Is this the Bafana Bafana revival we’ve been waiting for? After years of underwhelming performances, failures to qualify and flops on the biggest stage, Ephraim Mashaba seems to have found the magic formula at last. It is perhaps telling that this current South Africa side lacks the big names and their vast numbers of caps that Gordon Igesund’s stale, moribund teams often had. Though this isn’t his first stint in charge, he has made a refreshing change despite being branded the ‘cheap option’ when he was appointed in July.
South Africa qualified unbeaten from what appeared to be a tricky group; though they did benefit from Nigeria’s struggles, they beat Sudan home and away and also won in Congo, which was enough to convince some of the doubters. This is the first tournament they have qualified for outright since 2008 (after qualifying for two as the host nation), removing a millstone that has weighed around their neck for the last few years.
Of course, also weighing on the minds of players and fans is the death of Senzo Meyiwa. The Orlando Pirates star had quickly established himself as captain of the side in the first four matches of the campaign in the absence of the injured Itumeleng Khune, keeping clean sheets in all of them. His murder profoundly affected South African football, but the team went on to secure qualification playing for him.
Being handed the toughest group in the tournament will have dampened expectations of neutral observers somewhat, but Bafana Bafana remains one of the most popular African national sides and there will be immense pressure from the fans back home, especially as they have now shown a glimpse of immense quality.
If you have been scarred by the painful performances under Gordon Igesund, fear not: this is much more attractive. Mashaba, who has always been a form-over-reputation selector, tends to favour a traditional 4-4-2. In this case, this has usually been headed by the little-and-large partnership of 5-foot-8 Tokelo Rantie and 6-foot-3 Bongani Ndulula, who contributed an average of a goal a game between them. The main supplier has been Ajax playmaker Thulani Serero, who has finally begun to deliver on his enormous promise, but he has surprisingly been left out of the squad. All of this is backed up by a defence that kept four clean sheets in a row. The result is a side that concedes few without sacrificing attacking intent.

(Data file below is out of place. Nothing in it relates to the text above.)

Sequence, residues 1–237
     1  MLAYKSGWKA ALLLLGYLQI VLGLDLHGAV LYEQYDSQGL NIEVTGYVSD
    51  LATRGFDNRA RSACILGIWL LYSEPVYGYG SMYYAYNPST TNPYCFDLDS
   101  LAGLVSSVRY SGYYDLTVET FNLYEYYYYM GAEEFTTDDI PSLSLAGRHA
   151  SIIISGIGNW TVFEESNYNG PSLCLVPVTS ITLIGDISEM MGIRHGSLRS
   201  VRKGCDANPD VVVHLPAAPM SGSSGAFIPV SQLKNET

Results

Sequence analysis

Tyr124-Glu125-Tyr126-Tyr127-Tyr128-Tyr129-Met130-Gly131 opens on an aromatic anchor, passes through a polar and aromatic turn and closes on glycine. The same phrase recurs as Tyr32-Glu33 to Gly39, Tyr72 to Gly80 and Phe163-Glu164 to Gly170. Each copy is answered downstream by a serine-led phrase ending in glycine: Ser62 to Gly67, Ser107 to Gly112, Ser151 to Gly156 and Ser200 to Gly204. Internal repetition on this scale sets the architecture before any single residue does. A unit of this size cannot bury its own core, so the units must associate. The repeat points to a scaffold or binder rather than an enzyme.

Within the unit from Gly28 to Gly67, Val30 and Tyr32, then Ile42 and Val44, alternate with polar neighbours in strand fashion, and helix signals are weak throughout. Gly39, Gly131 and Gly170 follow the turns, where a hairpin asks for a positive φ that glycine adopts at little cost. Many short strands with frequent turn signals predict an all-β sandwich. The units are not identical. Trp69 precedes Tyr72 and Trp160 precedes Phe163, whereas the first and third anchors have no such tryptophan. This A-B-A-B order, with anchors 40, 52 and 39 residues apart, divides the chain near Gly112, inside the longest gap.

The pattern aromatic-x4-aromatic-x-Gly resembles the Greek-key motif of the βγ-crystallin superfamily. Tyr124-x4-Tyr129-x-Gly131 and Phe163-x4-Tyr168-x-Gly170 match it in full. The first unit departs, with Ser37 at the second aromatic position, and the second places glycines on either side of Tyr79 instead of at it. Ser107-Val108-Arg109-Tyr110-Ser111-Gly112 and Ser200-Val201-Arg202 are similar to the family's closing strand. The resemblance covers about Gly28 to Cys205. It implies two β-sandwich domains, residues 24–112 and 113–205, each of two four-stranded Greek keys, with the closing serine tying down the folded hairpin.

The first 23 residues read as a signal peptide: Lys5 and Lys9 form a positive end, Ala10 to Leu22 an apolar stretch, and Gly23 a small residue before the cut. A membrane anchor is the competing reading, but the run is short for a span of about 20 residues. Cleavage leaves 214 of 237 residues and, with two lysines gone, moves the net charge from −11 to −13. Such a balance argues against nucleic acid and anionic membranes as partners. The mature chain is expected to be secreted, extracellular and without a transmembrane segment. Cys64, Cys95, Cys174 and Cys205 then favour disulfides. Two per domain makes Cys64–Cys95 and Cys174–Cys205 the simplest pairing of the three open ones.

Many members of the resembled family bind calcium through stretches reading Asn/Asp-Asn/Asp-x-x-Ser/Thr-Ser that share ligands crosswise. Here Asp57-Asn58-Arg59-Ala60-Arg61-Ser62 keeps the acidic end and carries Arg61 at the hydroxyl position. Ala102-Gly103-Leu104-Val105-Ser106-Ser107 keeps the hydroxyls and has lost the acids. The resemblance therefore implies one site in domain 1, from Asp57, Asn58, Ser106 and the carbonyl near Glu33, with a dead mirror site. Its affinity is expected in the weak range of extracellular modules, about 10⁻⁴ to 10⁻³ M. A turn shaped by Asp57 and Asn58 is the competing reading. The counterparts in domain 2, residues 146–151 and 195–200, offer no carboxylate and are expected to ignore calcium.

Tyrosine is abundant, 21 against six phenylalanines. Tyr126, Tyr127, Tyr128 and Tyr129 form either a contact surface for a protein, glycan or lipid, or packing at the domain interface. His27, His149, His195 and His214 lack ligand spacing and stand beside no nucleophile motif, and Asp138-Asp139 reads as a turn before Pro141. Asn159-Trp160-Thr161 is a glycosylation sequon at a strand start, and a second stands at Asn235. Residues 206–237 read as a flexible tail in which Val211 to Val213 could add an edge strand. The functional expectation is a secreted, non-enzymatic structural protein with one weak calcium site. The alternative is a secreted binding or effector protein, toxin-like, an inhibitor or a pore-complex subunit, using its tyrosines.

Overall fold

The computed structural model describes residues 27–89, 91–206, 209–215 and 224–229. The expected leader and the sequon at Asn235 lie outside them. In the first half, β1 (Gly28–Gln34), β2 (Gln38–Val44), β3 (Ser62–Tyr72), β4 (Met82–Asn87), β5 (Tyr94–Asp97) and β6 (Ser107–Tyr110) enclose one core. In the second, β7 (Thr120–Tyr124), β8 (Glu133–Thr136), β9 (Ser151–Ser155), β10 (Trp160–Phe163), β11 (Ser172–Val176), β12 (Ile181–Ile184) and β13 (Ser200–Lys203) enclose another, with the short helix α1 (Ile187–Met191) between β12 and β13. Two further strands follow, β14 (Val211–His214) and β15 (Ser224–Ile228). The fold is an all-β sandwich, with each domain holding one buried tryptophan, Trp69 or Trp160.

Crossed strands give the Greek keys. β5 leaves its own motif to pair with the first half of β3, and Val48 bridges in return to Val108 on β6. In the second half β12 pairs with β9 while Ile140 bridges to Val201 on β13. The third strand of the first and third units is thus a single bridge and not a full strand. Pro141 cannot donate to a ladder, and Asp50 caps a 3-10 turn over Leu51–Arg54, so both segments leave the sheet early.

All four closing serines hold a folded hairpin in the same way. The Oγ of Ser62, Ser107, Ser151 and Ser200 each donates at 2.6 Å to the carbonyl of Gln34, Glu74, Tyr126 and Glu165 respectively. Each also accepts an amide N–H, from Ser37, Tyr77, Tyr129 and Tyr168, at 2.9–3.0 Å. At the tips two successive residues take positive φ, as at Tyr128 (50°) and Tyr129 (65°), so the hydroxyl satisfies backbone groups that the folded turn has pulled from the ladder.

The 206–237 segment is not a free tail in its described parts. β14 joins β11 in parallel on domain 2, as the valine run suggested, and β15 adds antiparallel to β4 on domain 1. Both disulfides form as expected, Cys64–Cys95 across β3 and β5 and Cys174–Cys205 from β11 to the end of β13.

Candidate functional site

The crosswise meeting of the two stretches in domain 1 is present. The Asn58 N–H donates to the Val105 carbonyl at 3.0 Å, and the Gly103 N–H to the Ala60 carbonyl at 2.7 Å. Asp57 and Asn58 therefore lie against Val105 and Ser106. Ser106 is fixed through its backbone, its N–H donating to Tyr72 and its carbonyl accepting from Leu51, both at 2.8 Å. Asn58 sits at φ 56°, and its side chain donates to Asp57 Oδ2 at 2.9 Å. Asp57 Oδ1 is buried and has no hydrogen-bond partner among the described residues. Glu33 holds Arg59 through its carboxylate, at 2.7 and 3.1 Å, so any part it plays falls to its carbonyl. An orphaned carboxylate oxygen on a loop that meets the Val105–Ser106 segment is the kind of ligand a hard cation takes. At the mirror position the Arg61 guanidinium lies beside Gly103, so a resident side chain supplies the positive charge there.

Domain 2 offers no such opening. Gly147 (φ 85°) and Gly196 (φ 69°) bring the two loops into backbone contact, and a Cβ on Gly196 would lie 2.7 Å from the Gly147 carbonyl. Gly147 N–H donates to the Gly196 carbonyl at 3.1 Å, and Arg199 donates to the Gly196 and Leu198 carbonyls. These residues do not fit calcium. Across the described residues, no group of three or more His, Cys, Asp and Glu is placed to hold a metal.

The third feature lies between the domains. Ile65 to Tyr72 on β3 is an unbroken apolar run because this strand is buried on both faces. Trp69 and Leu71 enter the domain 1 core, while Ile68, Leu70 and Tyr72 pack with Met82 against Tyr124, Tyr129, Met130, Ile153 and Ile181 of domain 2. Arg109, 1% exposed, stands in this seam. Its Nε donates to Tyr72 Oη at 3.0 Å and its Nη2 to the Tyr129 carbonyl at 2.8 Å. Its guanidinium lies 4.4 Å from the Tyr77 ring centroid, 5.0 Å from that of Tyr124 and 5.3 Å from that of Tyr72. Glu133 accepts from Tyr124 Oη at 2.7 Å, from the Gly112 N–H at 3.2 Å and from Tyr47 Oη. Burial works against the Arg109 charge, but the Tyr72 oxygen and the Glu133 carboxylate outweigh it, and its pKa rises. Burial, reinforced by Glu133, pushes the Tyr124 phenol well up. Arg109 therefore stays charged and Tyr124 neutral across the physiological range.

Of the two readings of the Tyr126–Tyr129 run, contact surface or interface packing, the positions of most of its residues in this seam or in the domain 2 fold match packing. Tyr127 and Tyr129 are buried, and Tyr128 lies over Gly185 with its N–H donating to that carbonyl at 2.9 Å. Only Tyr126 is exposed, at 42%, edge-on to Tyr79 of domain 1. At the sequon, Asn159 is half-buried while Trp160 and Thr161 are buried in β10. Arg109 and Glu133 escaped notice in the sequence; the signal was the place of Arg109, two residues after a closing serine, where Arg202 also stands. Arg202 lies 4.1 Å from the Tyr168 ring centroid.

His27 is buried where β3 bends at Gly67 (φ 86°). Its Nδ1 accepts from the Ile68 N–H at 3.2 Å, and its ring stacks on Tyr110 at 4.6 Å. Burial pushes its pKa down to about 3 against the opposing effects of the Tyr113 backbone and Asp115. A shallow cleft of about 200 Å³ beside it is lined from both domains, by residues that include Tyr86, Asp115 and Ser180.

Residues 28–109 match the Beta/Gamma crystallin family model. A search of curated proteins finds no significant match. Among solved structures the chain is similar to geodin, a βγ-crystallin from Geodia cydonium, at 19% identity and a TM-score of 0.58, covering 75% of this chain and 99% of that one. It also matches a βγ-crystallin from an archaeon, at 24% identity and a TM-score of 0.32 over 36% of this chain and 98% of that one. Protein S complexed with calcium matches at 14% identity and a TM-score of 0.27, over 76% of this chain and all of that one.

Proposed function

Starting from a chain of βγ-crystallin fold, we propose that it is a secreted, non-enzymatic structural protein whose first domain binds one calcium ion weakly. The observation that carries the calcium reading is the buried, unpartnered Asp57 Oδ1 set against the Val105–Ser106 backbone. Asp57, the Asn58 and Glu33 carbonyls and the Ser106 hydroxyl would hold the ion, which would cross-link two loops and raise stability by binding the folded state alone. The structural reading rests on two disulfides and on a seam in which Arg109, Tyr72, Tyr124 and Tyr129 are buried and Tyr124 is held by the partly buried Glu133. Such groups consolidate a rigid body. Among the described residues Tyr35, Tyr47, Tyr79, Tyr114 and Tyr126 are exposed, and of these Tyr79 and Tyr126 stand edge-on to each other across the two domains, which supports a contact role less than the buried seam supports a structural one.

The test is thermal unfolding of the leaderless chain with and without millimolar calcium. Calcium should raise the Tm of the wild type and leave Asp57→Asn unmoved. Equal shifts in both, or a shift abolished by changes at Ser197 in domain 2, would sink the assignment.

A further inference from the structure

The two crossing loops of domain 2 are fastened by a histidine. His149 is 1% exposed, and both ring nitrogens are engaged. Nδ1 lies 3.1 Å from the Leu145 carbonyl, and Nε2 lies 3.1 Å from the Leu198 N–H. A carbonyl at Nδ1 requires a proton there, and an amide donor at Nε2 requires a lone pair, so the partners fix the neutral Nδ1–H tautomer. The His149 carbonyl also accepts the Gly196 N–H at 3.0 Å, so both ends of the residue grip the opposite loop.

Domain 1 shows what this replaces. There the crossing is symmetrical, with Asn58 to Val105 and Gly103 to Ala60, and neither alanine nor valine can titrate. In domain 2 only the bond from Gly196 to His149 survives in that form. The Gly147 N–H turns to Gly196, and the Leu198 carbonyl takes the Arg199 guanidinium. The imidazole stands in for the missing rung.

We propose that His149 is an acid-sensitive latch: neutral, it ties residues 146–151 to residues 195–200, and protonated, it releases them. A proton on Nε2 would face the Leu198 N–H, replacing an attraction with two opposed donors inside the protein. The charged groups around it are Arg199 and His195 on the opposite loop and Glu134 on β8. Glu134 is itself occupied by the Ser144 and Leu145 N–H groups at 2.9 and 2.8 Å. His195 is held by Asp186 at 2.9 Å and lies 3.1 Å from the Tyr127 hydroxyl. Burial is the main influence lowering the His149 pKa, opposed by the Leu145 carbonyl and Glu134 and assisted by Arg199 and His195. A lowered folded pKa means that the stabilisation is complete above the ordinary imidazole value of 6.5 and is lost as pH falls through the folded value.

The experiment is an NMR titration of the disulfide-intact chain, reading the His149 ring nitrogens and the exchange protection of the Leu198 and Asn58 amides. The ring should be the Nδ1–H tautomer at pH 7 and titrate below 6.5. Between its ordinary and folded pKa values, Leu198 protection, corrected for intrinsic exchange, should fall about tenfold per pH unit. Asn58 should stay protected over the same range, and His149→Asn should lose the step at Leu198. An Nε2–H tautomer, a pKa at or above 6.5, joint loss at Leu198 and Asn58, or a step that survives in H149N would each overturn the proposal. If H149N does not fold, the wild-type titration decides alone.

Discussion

The defence – One of the remarkable aspects of South Africa’s exceptional defensive record in qualifying was that the defensive line-up was different in five of the six games. Initially beginning with a back four of Anele Ngcongca, Eric Mathoho, Thabo Matlaba and Thulani Hlatshwayo for the first two games, only Mathoho would play in every game. 18-year-old Ajax Cape Town centre-back Rivaldo Coetzee was brought in for the game in Congo, becoming the youngest player to represent Bafana Bafana, while Sibusiso Khumalo and Tefu Mashamaite also made appearances. Despite this instability, and the loss of the inspirational Meyiwa, they conceded just three goals in six games.
Inexperience – With Steven Pienaar retired and the likes of Siphiwe Tshabalala, Kagisho Dikgacoi, Bernard Parker, Tsepo Masilela and Bongani Khumalo not featuring under Mashaba, there is a noticeable lack of senior players in the team at the moment. Reneilwe Letsholonyane was the most-capped player to feature in qualification, and even he was sent off in his only start against Nigeria. Most of the players starting are around 24-25, but don’t have many caps to their name. While this has had its obvious benefits, with little baggage from the Igesund era, it could leave them exposed when facing the best sides in Africa in the Cup of Nations.
Tokelo Rantie – The 2014-15 season has seen the skilful 24-year-old blossom into South Africa’s lead striker, filling a hole they have struggled with in recent years. He scored four goals in qualifying and was in form for AFC Bournemouth in the Championship until dislocating his shoulder in November, but recent indications are that he should be back playing before the Cup of Nations.
The Hipster Choice
Dean Furman – The one time Chelsea and Rangers youngster, now of League One’s Doncaster Rovers, took over as captain after Senzo Meyiwa’s death, having been the midfield lynchpin throughout the campaign. Quietly underrated for some time but is now a leader in this inexperienced Bafana Bafana side.
Ephraim Mashaba – This is Mashaba’s second stint in charge, with the first ending in acrimonious circumstances days before the 2004 Cup of Nations, which he had led the team to, after dropping high-profile foreign-based players and falling out with Safa. However, just over ten years later, he was welcomed back with open arms and has seemingly halted the team’s decline.
Group stage exit – Though their qualifying performances were promising, it’s asking a lot of this team to beat Algeria and Ghana.